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Religious organisations could refuse same-sex marriages under new Nevada bill

Joseph McCormick May 1, 2017
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A bill which is progressing in the US state of Nevada would allow clergy members and religious organisations to refuse to recognise same-sex marriages.

The bill, which was voted through the Senate 19-2 on Monday, would actually remove language from Nevada’s laws saying the state only recognises marriage between one man and one woman.

The language is now defunct as the US Supreme Court back in 2015 legalised same-sex marriage across all 50 states.

Religious organisations could refuse same-sex marriages under new Nevada bill

But a religious exemption was added by the Nevada Senate before it would passed.

The process to adopt the amendment would take about five years, having to pass through both Houses of the legislature twice and go to voters in a ballot.

If it was to pass quickly, the earliest it could take effect is 2020, after Nevada voters get a chance to approve it.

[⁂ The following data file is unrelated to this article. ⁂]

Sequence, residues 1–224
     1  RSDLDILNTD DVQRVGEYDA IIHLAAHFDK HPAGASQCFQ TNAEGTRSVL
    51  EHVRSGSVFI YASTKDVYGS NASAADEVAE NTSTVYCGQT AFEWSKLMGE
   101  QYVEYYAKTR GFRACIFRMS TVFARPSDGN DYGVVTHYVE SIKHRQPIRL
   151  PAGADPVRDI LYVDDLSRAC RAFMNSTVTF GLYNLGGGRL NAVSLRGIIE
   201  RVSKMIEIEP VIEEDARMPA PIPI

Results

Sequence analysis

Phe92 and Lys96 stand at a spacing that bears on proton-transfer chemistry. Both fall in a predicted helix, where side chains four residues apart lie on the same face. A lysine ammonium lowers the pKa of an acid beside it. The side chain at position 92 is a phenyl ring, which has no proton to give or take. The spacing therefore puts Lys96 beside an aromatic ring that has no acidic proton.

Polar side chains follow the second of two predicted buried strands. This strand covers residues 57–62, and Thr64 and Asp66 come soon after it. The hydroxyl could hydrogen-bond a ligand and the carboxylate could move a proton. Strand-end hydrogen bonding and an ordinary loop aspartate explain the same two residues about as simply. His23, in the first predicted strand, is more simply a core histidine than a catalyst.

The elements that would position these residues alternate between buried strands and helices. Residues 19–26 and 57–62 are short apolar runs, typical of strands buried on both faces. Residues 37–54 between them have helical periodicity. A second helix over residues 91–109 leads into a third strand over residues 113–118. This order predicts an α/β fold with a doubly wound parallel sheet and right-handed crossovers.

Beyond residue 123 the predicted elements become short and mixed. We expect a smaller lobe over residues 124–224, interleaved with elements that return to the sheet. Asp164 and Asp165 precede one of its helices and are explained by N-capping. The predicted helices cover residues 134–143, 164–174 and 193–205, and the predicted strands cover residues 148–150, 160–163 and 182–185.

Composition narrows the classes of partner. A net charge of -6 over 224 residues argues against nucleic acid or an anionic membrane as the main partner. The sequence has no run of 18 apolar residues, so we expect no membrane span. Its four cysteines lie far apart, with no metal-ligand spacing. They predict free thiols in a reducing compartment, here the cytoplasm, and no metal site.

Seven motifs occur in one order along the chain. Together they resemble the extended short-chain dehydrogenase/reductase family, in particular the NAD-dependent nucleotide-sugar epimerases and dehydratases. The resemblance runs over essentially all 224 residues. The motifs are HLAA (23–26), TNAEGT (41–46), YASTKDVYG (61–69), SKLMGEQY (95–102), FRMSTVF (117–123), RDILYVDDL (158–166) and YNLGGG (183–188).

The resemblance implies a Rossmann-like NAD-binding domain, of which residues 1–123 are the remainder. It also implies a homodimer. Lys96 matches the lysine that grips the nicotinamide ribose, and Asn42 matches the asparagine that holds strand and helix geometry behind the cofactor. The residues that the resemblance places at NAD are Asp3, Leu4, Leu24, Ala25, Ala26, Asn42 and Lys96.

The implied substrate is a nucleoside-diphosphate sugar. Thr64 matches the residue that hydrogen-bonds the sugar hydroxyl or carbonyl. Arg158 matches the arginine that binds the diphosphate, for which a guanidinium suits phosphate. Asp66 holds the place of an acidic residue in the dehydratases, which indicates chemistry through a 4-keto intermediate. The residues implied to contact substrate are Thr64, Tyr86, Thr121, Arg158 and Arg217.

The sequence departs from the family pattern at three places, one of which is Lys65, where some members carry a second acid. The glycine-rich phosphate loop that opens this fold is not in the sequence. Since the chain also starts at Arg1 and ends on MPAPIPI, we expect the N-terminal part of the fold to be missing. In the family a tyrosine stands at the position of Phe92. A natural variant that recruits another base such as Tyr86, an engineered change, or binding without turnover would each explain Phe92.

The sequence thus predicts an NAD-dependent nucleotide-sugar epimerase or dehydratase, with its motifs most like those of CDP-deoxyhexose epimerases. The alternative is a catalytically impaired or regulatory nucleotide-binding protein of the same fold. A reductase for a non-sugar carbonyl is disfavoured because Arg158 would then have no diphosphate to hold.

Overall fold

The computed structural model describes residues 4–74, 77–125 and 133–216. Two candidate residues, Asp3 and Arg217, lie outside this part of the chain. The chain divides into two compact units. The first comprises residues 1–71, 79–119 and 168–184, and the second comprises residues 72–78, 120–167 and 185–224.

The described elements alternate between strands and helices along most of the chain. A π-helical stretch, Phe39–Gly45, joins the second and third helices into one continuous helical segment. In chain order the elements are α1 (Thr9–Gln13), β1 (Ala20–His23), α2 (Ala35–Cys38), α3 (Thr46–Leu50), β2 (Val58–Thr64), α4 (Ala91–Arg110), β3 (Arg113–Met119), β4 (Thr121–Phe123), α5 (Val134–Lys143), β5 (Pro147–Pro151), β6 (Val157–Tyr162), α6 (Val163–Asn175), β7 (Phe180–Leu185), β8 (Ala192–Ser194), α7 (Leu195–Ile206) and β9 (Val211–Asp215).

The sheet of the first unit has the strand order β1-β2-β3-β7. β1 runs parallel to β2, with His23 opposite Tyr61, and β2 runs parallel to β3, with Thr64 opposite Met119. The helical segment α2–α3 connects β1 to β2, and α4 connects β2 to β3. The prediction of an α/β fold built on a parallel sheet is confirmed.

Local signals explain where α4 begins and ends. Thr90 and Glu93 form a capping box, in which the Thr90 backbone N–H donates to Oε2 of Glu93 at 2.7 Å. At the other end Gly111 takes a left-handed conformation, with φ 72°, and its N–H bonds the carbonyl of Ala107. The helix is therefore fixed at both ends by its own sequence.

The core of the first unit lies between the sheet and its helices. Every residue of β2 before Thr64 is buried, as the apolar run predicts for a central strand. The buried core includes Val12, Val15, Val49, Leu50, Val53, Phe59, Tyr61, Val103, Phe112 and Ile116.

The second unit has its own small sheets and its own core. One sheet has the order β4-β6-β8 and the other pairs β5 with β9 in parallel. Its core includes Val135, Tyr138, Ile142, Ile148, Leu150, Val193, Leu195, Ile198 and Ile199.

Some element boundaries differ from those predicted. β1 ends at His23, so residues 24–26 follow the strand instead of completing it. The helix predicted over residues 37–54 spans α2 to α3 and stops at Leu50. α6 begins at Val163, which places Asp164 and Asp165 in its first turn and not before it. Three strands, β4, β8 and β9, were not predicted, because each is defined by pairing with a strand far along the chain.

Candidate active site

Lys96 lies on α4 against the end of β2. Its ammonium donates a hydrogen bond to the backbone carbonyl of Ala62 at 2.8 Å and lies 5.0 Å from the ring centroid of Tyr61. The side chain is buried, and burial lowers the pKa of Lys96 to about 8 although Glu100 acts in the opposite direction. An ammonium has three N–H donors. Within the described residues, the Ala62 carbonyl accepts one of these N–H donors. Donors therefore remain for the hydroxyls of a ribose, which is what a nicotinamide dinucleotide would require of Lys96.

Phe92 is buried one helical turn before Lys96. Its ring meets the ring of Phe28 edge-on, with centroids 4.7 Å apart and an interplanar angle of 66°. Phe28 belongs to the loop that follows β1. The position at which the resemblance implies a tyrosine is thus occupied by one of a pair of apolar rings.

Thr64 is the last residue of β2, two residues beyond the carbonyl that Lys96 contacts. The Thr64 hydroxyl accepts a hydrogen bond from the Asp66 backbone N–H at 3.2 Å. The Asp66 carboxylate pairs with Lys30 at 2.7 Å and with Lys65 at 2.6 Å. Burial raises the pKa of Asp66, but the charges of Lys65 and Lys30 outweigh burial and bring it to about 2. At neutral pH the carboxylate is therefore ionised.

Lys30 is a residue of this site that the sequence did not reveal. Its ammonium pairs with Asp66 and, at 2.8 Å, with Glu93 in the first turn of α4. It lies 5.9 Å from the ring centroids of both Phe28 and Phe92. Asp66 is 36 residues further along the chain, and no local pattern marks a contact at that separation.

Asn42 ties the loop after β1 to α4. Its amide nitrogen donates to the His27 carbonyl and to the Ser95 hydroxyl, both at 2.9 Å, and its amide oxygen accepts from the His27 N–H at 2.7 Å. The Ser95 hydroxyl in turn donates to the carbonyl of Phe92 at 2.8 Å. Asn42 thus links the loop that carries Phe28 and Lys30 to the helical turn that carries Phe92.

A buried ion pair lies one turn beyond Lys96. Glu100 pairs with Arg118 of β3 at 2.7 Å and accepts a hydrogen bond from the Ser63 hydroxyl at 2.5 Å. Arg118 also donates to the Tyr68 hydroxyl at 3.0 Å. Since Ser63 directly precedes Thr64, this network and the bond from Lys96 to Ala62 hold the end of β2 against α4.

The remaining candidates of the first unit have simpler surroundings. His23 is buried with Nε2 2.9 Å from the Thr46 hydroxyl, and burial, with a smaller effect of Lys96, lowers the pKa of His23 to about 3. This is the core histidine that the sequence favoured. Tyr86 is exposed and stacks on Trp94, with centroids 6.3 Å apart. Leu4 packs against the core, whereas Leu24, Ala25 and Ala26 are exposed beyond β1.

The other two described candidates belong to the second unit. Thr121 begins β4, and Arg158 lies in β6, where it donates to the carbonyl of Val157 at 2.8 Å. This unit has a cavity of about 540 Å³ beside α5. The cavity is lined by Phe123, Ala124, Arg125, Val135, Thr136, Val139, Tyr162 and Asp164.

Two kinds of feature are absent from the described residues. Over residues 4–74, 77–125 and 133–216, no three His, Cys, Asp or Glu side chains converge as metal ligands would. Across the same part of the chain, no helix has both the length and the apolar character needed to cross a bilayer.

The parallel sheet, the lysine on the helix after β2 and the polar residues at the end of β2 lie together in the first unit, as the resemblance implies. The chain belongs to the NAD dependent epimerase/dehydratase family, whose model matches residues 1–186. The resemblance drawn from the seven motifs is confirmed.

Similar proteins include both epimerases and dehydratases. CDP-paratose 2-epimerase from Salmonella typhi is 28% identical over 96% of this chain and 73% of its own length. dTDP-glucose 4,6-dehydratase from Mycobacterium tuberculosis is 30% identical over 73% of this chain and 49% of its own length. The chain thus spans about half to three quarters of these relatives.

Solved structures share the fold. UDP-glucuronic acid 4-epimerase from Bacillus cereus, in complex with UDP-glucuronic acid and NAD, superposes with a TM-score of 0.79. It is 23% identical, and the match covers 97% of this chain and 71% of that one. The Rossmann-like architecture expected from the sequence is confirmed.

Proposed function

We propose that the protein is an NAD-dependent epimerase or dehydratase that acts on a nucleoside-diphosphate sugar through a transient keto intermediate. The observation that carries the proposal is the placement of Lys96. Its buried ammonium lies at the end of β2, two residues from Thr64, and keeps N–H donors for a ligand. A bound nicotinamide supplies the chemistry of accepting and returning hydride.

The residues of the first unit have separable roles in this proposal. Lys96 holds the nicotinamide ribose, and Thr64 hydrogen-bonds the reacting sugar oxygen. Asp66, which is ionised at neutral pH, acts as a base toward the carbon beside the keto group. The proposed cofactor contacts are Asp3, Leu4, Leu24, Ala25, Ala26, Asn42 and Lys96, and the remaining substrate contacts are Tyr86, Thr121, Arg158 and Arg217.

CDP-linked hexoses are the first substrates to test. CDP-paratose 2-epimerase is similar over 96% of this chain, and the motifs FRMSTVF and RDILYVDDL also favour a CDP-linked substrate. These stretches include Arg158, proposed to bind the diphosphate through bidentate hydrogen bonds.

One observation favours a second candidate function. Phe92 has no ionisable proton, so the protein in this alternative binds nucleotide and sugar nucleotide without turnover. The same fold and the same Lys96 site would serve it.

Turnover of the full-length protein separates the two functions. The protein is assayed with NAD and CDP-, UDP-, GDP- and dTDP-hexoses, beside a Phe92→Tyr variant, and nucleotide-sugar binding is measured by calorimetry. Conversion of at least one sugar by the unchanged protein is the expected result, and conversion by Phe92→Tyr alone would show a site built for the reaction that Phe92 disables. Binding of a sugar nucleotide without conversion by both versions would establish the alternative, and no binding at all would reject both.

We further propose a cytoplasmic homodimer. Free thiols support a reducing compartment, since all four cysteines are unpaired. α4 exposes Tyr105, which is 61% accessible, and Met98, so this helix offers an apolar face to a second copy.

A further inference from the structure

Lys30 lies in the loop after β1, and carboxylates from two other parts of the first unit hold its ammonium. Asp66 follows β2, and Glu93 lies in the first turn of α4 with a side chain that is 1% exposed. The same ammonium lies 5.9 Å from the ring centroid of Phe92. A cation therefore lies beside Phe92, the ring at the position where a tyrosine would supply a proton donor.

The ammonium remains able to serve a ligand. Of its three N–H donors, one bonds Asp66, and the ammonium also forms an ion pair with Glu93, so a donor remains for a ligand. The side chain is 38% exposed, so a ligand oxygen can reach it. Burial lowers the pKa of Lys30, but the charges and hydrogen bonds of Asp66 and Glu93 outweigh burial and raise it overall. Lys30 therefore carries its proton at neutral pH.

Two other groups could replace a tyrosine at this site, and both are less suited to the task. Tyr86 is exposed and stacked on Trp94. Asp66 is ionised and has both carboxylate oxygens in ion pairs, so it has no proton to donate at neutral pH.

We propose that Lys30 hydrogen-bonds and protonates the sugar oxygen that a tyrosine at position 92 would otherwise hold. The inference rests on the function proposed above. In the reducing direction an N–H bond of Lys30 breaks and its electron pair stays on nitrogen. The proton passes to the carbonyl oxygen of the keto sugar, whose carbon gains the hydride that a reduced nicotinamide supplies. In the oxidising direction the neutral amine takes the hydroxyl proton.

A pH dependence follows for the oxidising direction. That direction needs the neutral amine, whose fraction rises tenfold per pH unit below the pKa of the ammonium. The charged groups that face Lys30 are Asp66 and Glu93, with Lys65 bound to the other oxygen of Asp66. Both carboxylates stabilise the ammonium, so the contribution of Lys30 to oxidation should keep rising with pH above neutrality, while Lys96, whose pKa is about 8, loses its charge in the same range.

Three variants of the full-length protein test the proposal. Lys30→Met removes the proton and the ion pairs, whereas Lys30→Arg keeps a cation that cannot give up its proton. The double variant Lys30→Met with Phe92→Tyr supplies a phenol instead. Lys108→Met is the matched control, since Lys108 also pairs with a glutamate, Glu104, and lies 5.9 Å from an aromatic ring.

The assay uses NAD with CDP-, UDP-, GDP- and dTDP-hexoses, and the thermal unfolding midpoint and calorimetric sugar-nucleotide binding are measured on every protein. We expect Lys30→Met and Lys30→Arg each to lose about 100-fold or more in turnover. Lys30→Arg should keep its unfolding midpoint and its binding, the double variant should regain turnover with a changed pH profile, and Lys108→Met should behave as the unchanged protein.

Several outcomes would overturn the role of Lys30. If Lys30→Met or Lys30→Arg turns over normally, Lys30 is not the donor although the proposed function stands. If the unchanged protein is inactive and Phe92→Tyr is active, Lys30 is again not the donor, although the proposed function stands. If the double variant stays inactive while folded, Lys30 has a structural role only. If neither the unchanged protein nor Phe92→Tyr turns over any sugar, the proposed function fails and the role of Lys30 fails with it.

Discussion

Assembly Joint Resolution 2 was announced by Nelson Araujo, the assistant Assembly Majority Leader, as he said he was worried that the Supreme Court’s ruling in favour of same-sex marriage could be overturned.

Announcing Joint Resolution Two in February, Mr Araujo said the Silver State should “issue marriage licences to couples regardless of gender”.

Ten other states have considered deleting defunct language from their laws which previously meant only one man and one woman could get married.

But thirty-one states had already banned same-sex marriage by 2015, when the Supreme Court ruled.

An out gay legislator in the state of Nevada wants to ban licensed therapists from ‘gay cure’ therapy.

Five US states have already banned the practice, California, New Jersey, Oregon, Illinois and Vermont, as well as the District of Columbia.

Cincinnati, Ohio is the only other city to specifically ban the practice, joined by Seattle in November 2016.

Hawaii also introduced legislation to ban the practice in 2016.

The controversial practice seeks to change the sexual orientation or gender identity of an individual.

It has been widely disproven, particularly by most major medical bodies. The American Psychological Association has stated that the practice can be damaging, and can lead to depression, suicidal thoughts and substance abuse.

Lawyers from the Liberty Counsel, who defended Kim Davis the clerk who refused to marry gay couples, said they would sue Palm Springs if the county moves to ban gay ‘cure’ therapies.

The Nevada Governor has also signed a bill into law which allows foster kids to choose their own gender.

More: US

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